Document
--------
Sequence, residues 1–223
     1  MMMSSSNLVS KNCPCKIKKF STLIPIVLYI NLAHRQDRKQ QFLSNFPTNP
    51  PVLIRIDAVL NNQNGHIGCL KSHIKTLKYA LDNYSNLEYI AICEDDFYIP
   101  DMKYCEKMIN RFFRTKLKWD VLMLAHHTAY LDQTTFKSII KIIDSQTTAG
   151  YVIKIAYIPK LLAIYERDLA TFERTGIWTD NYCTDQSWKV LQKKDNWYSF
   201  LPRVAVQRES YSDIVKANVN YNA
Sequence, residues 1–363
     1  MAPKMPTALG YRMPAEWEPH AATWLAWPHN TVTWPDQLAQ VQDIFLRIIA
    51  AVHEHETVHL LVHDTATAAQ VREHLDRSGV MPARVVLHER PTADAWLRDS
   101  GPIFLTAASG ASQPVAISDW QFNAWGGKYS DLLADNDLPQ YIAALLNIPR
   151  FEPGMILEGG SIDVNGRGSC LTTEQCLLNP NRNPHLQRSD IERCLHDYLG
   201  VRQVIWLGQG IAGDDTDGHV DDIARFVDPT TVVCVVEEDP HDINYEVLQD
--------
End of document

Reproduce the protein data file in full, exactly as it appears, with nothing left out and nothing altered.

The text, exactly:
Sequence, residues 1–223
     1  MMMSSSNLVS KNCPCKIKKF STLIPIVLYI NLAHRQDRKQ QFLSNFPTNP
    51  PVLIRIDAVL NNQNGHIGCL KSHIKTLKYA LDNYSNLEYI AICEDDFYIP
   101  DMKYCEKMIN RFFRTKLKWD VLMLAHHTAY LDQTTFKSII KIIDSQTTAG
   151  YVIKIAYIPK LLAIYERDLA TFERTGIWTD NYCTDQSWKV LQKKDNWYSF
   201  LPRVAVQRES YSDIVKANVN YNA
Sequence, residues 1–363
     1  MAPKMPTALG YRMPAEWEPH AATWLAWPHN TVTWPDQLAQ VQDIFLRIIA
    51  AVHEHETVHL LVHDTATAAQ VREHLDRSGV MPARVVLHER PTADAWLRDS
   101  GPIFLTAASG ASQPVAISDW QFNAWGGKYS DLLADNDLPQ YIAALLNIPR
   151  FEPGMILEGG SIDVNGRGSC LTTEQCLLNP NRNPHLQRSD IERCLHDYLG
   201  VRQVIWLGQG IAGDDTDGHV DDIARFVDPT TVVCVVEEDP HDINYEVLQD